Dr Saimon Moraes Silva has pioneered a novel approach to tackle a longstanding challenge in the use of electrochemical biosensors for direct use in biological fluids such as blood.
“An electrochemical biosensor is a sensing device that can rapidly detect specific biological molecules,” explains Dr Moraes Silva.
“Glucose meters are a great example of the impact electrochemical biosensors can have on the management of diseases, like diabetes. However, the effectiveness of these life-changing devices has not yet been translated to the detection of many other relevant biomarkers, like those associated with cancer.”
According to Dr Moraes Silva, one of the main reasons why the glucose meter success has not been replicated to other diseases diagnosis and monitoring is because of the absorption of unwanted molecules on the electrode surface of the electrochemical biosensor.
“This contamination of unwanted molecules leads to electrode fouling; which blocks the necessary electron transfer pathways and results in the sensor malfunctioning. This issue is one of the main reasons why electrochemical biosensors have not yet been commercialised for cancer detection,” he adds.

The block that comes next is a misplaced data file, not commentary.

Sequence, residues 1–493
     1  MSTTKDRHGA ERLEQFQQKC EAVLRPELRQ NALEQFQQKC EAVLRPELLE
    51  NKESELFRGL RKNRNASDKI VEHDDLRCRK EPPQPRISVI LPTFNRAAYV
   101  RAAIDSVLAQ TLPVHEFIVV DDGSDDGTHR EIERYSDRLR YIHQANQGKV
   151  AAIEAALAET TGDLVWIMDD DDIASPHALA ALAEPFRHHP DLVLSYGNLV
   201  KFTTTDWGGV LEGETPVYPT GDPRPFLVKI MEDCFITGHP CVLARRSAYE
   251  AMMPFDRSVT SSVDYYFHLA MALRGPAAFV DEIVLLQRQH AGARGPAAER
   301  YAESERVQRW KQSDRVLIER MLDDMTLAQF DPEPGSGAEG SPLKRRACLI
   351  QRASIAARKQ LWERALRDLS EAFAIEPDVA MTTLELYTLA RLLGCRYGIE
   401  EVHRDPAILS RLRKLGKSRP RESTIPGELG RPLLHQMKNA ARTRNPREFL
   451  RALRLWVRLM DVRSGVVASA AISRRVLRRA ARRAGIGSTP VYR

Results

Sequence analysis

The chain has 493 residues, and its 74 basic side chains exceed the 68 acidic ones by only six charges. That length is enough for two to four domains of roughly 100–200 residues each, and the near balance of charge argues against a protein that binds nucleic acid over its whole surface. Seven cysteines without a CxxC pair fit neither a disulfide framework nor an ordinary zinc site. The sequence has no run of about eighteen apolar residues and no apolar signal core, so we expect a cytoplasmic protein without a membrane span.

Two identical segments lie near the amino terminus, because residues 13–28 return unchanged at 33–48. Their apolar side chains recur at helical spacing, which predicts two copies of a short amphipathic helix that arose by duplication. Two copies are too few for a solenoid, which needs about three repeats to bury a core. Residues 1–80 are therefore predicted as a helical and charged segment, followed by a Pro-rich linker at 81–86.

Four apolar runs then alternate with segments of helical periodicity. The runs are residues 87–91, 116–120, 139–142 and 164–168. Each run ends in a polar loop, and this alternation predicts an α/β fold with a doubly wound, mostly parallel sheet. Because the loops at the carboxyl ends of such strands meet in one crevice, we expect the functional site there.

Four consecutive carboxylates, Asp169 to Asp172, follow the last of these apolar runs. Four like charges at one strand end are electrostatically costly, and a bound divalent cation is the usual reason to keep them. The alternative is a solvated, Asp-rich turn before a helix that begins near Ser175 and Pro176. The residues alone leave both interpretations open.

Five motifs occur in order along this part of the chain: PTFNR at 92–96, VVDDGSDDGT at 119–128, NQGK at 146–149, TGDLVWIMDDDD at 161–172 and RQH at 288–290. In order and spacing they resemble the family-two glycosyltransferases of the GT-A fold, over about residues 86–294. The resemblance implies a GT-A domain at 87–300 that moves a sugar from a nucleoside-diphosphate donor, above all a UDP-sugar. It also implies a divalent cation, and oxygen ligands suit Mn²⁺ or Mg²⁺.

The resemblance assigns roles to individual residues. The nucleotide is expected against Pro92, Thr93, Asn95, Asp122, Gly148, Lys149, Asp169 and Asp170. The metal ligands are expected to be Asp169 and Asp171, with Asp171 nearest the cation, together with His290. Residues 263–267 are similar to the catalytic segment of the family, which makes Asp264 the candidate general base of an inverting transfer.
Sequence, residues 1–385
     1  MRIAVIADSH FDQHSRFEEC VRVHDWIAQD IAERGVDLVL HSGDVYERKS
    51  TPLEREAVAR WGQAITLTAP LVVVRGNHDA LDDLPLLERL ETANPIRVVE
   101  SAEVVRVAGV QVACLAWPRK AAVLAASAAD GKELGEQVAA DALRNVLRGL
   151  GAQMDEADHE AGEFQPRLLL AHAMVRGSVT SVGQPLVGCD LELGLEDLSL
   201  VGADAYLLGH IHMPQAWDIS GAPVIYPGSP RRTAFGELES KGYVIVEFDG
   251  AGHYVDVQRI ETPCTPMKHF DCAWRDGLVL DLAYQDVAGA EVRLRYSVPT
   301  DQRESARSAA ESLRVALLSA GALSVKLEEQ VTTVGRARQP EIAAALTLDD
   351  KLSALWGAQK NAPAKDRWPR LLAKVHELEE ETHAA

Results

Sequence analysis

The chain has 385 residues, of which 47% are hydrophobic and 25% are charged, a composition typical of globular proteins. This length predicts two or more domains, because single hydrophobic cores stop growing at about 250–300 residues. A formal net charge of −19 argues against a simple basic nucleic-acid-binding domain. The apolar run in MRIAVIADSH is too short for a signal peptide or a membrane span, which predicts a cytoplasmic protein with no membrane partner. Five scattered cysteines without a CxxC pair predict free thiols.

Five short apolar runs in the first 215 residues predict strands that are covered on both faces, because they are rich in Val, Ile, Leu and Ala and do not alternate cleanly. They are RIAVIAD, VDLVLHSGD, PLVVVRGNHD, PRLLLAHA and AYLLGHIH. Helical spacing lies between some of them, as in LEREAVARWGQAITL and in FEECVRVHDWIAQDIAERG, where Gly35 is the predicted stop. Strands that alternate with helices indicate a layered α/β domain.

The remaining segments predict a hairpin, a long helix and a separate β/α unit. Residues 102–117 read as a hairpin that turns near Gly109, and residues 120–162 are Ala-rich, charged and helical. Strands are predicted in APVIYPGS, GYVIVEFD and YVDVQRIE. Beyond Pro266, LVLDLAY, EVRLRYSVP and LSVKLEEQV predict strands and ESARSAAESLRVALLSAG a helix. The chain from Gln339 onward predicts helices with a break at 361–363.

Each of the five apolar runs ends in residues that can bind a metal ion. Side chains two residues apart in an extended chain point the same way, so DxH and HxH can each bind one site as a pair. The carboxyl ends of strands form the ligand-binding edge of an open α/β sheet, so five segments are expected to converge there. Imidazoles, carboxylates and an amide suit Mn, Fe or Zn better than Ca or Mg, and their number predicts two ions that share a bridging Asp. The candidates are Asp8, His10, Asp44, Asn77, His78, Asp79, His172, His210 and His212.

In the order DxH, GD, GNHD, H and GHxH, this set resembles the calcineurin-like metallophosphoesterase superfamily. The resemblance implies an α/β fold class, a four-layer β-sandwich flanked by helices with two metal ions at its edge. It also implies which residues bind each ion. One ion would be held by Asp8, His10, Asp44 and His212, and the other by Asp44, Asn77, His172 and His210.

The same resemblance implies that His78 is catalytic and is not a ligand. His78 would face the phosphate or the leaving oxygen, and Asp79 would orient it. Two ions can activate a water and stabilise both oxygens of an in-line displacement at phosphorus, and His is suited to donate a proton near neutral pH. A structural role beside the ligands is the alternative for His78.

Through his research, Dr Moraes Silva made a significant breakthrough to address the issue of electrode fouling.
“I discovered that lubricin, a type of glycoprotein, could be used as an electrode surface coating to prevent electrode fouling. It was this discovery that enabled the development of a lubricin-based biosensor technology,” says Dr Moraes Silva.
Dr Moraes Silva is working hard to translate this new technology into a new diagnostic device. “If successful, people with cancer will have increased access to low-cost tests for early diagnosis, monitoring disease progression, and evaluating the effectiveness of treatments. In the future we also hope to expand this technology to the detection of other biomolecules.”